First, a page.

Nevada academics wasted no time jumping into an election post mortem. The Brookings Institute held a post-election panel discussion Wednesday where they analyzed the previous night’s “blue wave,” in which Democrats claimed victory in almost all statewide races. Panelists included Brookings Mountain West Executive Director Robert Lang, UNLV political science professor David Damore, Brookings fellow John Hudak and Women’s Research Institute of Nevada Director Rebecca Gill.
Here are four of their biggest takeaways:
Blue is the new purple.
The ideological and political differences between rural and urban voters is a tale as old as the country itself, but the Nevada chapter of this tome may be reaching a turning point with the blueing of Washoe County.
In swing states, Republicans typically need large margins in rural districts to counteract low numbers in urban strongholds. Democrats can get away with the exact opposite. Here in Nevada, that has meant Dems could win if they performed well in Clark, broke even in Washoe, and lost every rural county. (Case in point: Catherine Cortez Masto won Clark County — and only Clark County — during her 2014 senate run.)
Damore noted that Washoe County residents on Tuesday backed Democrats in greater margins than previous election years, despite Republicans having a greater voter registration advantage in the county.
“You’re seeing two urban parts of the state decisively going toward the Democratic party,” he said.
If Washoe becomes reliably blue — however light a shade — that’s worrisome for Republicans and enough to turn Nevada from a purple swing state to a blue one.
Added Hudak, “2020 may seal that.”
The Sandoval Model
Damore told the audience that after losses in 2012, Nevada Republicans performed a post mortem of their own and identified areas where they needed to improve, such as by appealing to more black and Latino voters.
“They had a plan: the Sandoval Model,” said Damore, referring to the popular moderate Republican governor. “Trump wiped that out.”
In this year’s gubernatorial race, Republicans ended up with a candidate — Attorney General Adam Laxalt — who not only couldn’t earn the outgoing governor’s endorsement but was openly criticized by him.
“Sandoval was harder on Laxalt than his competitor was,” said Hudak.
Damore sees decisive losses by Republicans on Tuesday as proof that aligning oneself with Trump or Trump-like rhetoric won’t work in Nevada. But pivoting back toward moderates like Sandoval in future races could.
Hudak pointed to New England states like Massachusetts that are considered blue but have happily voted in Republican governors. Nevada could follow suit, assuming the right party-crossing candidate is put forth.
“It might look like Nevada is a Democratic state but that doesn’t mean a Democratic governor.”
Of course, that strategy is dependent on the Nevada GOP’s willingness to swing away from Trump associates like Dean Heller, Adam Laxalt and Danny Tarkanian — all three of whom lost Tuesday night.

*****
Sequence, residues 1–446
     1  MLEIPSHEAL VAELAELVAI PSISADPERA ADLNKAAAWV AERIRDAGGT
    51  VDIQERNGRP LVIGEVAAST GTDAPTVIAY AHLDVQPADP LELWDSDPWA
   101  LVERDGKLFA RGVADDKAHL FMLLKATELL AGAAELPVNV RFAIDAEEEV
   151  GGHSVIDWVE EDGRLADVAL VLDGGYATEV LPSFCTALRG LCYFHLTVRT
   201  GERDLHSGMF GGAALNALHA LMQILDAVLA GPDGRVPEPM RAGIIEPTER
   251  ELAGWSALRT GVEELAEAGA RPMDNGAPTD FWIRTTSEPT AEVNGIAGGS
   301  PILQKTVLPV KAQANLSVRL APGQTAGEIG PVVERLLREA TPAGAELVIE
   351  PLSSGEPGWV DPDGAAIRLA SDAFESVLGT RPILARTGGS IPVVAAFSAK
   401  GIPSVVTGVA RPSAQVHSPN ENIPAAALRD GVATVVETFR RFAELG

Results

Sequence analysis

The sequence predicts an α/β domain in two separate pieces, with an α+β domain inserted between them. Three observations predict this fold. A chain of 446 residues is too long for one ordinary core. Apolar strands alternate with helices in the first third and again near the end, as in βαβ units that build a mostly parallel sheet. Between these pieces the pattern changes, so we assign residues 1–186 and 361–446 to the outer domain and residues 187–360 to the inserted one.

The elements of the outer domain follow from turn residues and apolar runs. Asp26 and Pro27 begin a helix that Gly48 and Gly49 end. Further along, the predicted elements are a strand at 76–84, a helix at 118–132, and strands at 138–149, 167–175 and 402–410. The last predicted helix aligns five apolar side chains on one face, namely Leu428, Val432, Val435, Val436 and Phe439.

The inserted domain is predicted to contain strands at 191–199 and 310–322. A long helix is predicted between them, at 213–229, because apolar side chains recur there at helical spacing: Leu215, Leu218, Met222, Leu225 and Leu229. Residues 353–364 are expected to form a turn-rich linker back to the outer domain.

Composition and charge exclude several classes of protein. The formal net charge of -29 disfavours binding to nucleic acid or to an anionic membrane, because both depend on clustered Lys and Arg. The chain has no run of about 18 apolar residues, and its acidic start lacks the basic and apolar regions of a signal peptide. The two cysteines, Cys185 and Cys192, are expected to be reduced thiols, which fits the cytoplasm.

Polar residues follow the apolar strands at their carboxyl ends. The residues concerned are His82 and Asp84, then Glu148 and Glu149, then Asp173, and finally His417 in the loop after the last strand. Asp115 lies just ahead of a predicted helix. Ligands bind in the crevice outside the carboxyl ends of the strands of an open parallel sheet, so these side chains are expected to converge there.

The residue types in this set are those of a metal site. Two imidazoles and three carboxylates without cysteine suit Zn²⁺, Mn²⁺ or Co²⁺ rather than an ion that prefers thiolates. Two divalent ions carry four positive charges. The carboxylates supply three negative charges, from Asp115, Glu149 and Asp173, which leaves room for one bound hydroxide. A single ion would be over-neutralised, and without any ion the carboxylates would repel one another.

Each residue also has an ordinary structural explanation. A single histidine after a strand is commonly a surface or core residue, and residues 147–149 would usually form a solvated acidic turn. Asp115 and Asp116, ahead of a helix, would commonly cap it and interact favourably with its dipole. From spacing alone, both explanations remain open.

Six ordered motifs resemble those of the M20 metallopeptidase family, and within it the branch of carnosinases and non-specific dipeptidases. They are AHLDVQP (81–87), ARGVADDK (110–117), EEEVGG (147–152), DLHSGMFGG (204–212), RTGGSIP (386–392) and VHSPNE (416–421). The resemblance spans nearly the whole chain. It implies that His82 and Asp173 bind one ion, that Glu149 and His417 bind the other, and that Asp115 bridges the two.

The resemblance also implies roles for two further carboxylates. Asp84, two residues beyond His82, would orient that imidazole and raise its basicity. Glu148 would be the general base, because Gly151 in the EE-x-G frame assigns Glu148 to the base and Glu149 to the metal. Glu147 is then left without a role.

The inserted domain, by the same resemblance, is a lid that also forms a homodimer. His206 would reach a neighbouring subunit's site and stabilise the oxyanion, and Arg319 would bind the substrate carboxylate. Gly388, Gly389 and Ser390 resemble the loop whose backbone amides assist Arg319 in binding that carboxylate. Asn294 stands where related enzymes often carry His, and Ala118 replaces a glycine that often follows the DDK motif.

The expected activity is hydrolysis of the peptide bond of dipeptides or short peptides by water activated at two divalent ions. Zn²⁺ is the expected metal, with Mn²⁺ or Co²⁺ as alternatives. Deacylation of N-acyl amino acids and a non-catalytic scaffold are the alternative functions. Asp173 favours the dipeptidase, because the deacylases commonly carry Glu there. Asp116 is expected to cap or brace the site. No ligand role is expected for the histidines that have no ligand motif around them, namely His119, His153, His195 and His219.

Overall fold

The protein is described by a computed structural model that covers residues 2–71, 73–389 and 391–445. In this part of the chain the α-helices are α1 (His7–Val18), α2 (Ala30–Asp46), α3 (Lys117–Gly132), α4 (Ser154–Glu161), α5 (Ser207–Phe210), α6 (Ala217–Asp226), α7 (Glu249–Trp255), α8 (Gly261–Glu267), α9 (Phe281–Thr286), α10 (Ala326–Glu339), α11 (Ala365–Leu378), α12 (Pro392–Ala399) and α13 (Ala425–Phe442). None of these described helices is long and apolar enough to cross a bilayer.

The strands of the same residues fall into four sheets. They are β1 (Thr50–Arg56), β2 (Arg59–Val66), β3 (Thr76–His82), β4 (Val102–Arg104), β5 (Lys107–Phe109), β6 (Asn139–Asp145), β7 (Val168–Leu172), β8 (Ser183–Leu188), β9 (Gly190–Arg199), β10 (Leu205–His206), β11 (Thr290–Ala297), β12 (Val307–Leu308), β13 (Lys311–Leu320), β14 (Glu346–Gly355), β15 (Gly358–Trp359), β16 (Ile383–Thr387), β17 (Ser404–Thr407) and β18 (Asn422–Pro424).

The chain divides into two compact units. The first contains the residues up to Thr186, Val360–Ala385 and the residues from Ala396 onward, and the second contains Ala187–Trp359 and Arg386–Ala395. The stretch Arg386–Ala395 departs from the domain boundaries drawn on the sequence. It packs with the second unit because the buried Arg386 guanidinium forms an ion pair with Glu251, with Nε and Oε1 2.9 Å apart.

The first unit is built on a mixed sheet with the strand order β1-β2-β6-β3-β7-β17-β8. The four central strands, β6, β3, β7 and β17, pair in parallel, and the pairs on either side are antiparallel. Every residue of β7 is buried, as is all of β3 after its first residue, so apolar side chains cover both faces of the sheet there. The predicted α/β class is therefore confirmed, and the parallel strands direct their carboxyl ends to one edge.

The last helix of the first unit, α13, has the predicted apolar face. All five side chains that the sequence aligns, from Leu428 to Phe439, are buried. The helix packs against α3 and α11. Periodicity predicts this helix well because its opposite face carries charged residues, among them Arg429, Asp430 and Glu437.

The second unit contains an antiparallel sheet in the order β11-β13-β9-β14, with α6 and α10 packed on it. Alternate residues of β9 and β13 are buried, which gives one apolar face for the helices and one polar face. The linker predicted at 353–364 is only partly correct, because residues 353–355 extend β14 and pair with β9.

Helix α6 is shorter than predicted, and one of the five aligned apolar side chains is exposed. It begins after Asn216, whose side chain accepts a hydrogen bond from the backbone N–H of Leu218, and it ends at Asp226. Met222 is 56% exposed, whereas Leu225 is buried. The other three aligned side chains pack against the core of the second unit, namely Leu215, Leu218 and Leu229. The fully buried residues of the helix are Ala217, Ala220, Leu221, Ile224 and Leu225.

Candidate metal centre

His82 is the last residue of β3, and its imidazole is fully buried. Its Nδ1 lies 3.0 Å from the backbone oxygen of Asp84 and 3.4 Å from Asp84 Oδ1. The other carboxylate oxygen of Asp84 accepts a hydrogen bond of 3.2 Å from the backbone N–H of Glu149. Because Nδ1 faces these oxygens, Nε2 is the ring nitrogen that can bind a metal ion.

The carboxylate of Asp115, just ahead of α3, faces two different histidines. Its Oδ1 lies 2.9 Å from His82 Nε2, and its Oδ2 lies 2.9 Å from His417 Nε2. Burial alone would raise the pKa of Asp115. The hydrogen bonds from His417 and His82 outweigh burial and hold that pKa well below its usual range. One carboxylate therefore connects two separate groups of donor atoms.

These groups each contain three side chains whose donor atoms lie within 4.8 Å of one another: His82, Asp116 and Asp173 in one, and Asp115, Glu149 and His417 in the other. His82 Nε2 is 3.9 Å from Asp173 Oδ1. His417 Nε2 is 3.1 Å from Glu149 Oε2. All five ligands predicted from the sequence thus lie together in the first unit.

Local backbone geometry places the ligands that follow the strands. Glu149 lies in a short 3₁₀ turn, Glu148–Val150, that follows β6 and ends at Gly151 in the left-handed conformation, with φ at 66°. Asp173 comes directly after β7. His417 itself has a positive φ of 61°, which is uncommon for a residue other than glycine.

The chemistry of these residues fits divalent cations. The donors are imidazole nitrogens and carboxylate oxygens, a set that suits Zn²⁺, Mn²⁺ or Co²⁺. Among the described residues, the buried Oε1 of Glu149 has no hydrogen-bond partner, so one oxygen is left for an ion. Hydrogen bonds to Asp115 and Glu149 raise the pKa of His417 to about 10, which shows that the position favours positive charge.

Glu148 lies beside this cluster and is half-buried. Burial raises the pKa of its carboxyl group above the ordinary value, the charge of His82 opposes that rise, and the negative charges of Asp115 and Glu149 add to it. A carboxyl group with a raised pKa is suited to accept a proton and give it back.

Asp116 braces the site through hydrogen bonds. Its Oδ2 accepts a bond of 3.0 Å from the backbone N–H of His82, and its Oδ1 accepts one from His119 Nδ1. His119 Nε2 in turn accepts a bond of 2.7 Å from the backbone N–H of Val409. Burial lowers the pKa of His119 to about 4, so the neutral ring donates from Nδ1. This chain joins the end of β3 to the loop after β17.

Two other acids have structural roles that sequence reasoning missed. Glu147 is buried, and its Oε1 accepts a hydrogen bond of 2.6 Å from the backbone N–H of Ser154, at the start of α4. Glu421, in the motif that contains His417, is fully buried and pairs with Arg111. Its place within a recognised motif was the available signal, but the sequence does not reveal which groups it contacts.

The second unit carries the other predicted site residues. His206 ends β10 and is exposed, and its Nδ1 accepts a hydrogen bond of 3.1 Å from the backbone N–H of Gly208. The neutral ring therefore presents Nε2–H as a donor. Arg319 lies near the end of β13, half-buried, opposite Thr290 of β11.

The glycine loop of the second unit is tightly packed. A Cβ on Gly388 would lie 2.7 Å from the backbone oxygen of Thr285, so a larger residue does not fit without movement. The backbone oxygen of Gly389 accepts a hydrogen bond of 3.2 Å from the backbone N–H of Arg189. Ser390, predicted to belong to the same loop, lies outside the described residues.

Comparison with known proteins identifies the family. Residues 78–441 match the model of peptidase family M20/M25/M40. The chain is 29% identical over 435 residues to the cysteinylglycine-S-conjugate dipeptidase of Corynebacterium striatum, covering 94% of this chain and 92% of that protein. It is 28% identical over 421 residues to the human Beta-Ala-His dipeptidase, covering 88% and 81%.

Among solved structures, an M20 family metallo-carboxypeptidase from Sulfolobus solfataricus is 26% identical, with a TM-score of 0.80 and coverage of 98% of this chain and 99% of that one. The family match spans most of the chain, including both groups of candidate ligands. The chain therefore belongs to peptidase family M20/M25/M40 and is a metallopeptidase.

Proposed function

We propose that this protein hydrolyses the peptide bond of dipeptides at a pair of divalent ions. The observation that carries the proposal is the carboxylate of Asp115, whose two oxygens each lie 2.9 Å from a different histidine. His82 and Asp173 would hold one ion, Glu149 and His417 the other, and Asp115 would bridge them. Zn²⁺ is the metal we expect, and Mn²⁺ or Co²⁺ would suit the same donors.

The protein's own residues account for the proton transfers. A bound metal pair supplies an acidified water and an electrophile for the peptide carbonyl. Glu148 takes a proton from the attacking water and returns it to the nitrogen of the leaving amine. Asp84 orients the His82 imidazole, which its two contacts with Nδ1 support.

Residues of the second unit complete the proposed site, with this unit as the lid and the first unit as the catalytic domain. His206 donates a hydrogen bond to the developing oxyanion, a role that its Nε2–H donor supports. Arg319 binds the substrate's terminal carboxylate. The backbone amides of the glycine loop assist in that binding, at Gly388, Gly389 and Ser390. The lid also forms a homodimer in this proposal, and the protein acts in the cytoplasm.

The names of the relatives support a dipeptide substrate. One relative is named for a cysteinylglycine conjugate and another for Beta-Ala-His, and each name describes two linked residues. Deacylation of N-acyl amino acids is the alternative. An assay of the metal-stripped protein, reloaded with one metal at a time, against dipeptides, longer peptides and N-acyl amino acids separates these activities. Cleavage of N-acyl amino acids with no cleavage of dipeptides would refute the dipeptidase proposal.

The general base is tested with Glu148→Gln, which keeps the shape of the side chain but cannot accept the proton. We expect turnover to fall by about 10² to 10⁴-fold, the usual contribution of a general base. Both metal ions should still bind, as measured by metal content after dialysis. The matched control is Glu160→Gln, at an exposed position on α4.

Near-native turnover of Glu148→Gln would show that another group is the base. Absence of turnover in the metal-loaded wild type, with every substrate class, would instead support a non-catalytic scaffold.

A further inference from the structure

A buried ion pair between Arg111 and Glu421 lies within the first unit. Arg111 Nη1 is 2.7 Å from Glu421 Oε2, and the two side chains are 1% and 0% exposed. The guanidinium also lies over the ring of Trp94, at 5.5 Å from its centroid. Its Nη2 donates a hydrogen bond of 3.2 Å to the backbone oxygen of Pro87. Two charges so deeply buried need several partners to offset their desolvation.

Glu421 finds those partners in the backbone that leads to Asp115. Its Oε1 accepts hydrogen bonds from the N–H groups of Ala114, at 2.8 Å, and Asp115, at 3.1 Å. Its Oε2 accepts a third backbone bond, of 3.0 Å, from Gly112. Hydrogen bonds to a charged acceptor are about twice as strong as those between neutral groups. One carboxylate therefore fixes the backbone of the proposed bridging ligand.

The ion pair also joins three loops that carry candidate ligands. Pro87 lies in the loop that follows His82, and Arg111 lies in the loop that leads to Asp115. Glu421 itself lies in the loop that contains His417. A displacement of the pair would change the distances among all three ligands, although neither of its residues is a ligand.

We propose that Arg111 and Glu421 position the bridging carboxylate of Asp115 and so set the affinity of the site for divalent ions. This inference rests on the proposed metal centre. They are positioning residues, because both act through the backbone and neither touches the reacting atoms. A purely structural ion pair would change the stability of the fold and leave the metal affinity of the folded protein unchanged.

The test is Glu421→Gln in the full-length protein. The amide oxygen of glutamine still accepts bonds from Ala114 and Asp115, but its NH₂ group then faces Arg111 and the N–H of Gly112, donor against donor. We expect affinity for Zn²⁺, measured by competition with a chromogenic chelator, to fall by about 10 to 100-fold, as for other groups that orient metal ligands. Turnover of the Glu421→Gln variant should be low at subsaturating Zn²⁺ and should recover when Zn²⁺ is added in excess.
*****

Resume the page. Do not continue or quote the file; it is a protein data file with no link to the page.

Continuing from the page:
Turnout should be praised, but…
Sixty-two percent of registered voters turned out for this year’s midterm. Turnout was seen as key to winning, particularly by Democrats because the party is infamous for skipping midterm elections. As good news rolled in Tuesday night, Democrats chanted “we vote, we win” and praised their mobilization efforts.
The congratulations are warranted.
“We’ll still be below the national average,” said Damore. “There’s still a lot of room for growth.”
Gill said the question now becomes whether turnout will stay at this level or dip. The question is especially pressing given the passing of Nevada’s automatic voter registration initiative, which passed Tuesday.
“Do we keep these new voters? Do they continue to vote? Do they realize it’s really not difficult?”
Yes, the dead guy won. He should have.
National and international media are having a field day over the fact Nevadans just elected a dead pimp to its state legislature. Republican Dennis Hof, a brothel owner who dubbed himself “the Trump of Pahrump,” did indeed defeat Democrat Lesia Romanov despite dying last month. He secured 63 percent of the vote. It wasn’t even close.
The jokes write themselves, but the undertone among many of them — that the predominantly rural district is dimwitted for voting for the dead guy — is misplaced.
“It is a strategy that does make sense,” said Gill, explaining that Hof became a proxy vote. The GOP actively encouraged it.
Because Hof cannot fulfill the role he was elected to, commissioners for the three counties his district lies in will have to appoint a replacement from his same district and political party. It is essentially the same process used whenever a living legislator vacates their seat. (For example, replacements will soon have to be appointed for Democratic state legislators Tick Segerblom and Aaron Ford, who were both elected to different offices Tuesday.)
Although who exactly will be appointed isn’t known yet, Republicans voters in the district assumed any Republican replacement would better reflect their values than the living Democratic candidate offered to them on the ballot. Their assumption will likely be correct. The district heavily leans Republican.
James Oscarson, the incumbent Republican Hof defeated in the primary, told The Nevada Independent that he plans on throwing his name into the ring. According to a press release from Clark County, the three counties involved will begin accepting applications within a week.